Fixed Income Boutique

Central banks are in a fighting mood


Yann Lepape

Head of Macro Strategy Platform, Portfolio Manager

Meet Yann


Ludovic Colin

Co-Head of Fixed Income Opportunities, Portfolio Manager

Meet Ludovic

| Read | 3 min

The cycle and the spreads: 10 May 2022

  • An aggressive Fed supports the USD and higher risk premia
  • The US labor market to cool down
  • There are still opportunities to exploit in EM sovereign spreads

The aggressive (expected) hiking cycle impacts the USD and risk premia


The Fed hiked its policy rate by 50 basis points last week as expected, and implied that the next two hikes would also be 50 bps each, reducing the risk of even larger hikes. In addition, the shrinking of the balance sheet will begin (see Tribune Nr. 18). Of course, depending on the growth/inflation pattern, the expected path can be modified. Mr. Powell added that normalization might be “painful”.

In other developed markets, central banks last week also continued to tighten policy, some, like the Reserve Bank of Australia and the Riksbank (Sweden), even surprised markets. But the US economy being the most overheated, the Fed is among the most aggressive.

The Fed’s aggressive (expected) hiking path – plus global uncertainty, including Chinese policies – support the USD. Since the invasion of Ukraine started, and commodities’ prices surged, the USD appreciated by 7.3% against a basket of developed market currencies. The sharpest move occurred against the JPY, as the Bank of Japan has not signaled any measures against rising prices yet. Even in the Eurozone, rate hikes are now forecasted – a return to 0% by end of 2022 indeed looks set as a minimum.

We think that the sharp contrast between last week’s Bank of England’s gloomy outlook and the Fed’s belief about a soft landing is quite interesting. There are indeed idiosyncratic arguments to expect with more certainty of a hard landing in the UK, and the GBP depreciated accordingly last week. This anecdote also illustrates the greater uncertainty surrounding the future economic path, justifying higher risk premia in all asset classes (see Tribune N. 19).

The US labor market to cool down soon? Central banks would appreciate that


In April, the US economy created 438,000 jobs (NFP), as in March, a strong number given the growth deceleration. The employment component of the ISM, as well as the NFIB survey, e.g., small and mid-sized companies’ opinions, rather pointed to lower figures. Now that the labor market has fully recovered from the pandemic and reached full employment, a return to a cruising speed (200k-250k) would make sense in the next few months.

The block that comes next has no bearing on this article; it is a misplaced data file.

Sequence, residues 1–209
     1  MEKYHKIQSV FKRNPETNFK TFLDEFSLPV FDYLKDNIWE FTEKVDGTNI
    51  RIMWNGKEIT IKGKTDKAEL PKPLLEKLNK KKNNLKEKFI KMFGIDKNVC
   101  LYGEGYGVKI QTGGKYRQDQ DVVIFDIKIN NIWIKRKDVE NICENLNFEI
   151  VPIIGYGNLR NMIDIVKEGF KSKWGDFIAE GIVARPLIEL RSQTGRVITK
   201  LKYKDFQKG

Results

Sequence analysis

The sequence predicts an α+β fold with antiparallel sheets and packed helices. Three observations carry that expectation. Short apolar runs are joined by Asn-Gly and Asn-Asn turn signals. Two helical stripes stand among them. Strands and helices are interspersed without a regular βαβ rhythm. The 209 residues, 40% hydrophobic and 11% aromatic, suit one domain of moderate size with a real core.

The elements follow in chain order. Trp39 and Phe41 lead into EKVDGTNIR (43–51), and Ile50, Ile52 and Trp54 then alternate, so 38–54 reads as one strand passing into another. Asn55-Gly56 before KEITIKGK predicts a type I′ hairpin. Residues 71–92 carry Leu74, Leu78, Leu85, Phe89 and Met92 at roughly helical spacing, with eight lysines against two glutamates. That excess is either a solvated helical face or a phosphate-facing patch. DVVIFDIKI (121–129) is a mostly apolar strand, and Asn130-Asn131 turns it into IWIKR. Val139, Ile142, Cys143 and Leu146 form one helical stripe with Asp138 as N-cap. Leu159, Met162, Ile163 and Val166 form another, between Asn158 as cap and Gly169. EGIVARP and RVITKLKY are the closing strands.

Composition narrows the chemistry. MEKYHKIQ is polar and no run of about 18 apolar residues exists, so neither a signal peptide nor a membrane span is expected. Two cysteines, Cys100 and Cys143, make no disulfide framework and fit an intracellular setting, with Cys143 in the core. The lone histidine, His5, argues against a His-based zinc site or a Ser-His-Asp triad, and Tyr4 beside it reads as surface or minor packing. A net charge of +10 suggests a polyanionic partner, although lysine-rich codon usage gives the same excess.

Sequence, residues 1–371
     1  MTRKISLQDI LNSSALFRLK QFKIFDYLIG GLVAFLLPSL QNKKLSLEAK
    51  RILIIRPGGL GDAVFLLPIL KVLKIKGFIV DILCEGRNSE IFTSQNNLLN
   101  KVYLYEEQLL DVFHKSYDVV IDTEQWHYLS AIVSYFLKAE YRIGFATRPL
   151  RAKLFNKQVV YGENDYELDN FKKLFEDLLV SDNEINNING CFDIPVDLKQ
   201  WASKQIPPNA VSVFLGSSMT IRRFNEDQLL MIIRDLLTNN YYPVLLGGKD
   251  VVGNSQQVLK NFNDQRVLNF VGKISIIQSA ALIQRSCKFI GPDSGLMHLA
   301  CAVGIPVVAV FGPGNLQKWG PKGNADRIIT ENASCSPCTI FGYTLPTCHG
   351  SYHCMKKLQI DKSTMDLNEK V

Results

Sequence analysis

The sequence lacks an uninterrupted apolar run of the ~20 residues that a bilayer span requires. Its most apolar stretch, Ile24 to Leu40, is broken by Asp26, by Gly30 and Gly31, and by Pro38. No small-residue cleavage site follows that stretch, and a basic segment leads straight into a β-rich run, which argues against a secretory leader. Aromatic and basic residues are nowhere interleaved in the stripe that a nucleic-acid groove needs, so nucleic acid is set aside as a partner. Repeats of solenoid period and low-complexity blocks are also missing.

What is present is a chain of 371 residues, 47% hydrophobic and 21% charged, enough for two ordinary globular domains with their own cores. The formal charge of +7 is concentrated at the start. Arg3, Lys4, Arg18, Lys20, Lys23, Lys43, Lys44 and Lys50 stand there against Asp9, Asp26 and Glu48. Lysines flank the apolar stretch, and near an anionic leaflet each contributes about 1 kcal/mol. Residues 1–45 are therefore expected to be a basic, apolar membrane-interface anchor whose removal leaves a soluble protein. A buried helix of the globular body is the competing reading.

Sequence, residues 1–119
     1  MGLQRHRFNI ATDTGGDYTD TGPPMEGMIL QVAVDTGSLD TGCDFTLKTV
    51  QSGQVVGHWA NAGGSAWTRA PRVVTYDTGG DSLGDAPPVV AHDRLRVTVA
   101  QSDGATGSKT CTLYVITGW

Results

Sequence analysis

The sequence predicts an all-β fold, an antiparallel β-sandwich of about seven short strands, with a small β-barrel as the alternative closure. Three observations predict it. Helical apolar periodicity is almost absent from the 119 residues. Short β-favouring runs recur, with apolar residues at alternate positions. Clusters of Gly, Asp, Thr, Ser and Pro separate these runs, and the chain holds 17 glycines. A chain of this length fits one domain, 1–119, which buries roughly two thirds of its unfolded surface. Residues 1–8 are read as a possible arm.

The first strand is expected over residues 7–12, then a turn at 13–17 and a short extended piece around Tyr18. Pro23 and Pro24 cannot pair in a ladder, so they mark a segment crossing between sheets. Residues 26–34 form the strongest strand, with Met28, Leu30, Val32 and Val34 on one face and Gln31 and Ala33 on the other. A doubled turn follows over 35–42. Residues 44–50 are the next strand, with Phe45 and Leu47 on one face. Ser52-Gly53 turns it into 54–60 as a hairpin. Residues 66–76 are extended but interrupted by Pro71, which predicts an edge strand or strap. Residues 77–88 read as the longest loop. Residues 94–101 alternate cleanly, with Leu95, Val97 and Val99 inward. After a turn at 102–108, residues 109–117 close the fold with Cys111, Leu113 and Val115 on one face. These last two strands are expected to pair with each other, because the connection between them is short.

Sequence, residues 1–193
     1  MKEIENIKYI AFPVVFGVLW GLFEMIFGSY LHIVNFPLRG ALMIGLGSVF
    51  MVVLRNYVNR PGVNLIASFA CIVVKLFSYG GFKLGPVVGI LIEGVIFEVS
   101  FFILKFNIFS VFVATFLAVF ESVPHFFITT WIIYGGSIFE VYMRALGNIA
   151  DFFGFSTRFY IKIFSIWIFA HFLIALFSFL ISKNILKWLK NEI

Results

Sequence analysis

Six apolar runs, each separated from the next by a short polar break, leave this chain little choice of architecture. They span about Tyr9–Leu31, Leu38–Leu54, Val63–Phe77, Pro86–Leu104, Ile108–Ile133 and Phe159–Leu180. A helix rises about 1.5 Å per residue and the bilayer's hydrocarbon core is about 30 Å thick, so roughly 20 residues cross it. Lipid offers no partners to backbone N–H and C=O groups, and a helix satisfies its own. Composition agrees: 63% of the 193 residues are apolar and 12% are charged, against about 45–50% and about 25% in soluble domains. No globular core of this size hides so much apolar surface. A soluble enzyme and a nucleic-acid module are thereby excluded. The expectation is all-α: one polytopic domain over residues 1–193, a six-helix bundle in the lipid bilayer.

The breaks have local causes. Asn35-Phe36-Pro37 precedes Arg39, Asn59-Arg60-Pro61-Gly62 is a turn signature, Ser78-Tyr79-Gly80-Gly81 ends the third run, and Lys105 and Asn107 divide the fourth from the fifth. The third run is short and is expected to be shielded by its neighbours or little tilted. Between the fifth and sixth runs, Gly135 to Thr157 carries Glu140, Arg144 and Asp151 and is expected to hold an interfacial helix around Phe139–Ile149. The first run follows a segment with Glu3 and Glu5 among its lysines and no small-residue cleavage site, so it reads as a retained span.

Service sectors contributed by a bit more than 80% to the figure, and close to a quarter comes from the trade and transportation sector. Construction has been close to flat, which is hardly a surprise given the expectations in the housing activity.

The number of hours worked overall – a good proxy for GDP – continued to grow solidly on a yearly basis, albeit at a lower pace than in March. Lastly, wage growth stabilized at 5.5% in April, after 5.6% in March, avoiding creating additional pressure on the Fed, but also the other central banks.

There are still opportunities to exploit in EM sovereign spreads


Emerging market sovereign spreads have widened significantly since the invasion of Ukraine. While there has been some differentiation with commodity exporters outperforming importers, there are plenty of opportunities to exploit in a market that sold off without respecting some fundamentals. The chart above shows the changes in the current account balance projections for 2022 by the IMF in the last six months (X axis) compared to EMBI spread changes (Y axis)

Some movements make perfect sense. Among oil exporters (all towards the right of the chart), high yield (HY) countries like Oman, Iraq, and Bahrain have seen their spreads tighten and investment grade (IG) oil exporters like Saudi, Kuwait, UAE, and Qatar, which already had tight spreads before the war have held on well despite the broader sell-off among EM IG countries – packed in the middle of the chart above.

Towards the top of the chart, there are idiosyncratic stories that can explain some of the outliers like the ousting of the prime minister in Pakistan coupled with its large external financing needs; or the turn to left-wing populism in Honduras.

Others have been unduly punished: Kenya’s sell-off makes little sense given that its current account deterioration is in line with the median, its upcoming presidential election appears like a non-event for markets, and its IMF program is on track. Likewise, Egypt has requested an IMF program, received large pledges of financial assistance from Gulf countries, and it isn’t worse off than the median country in terms of current account deterioration, yet its spreads are much wider than three months ago.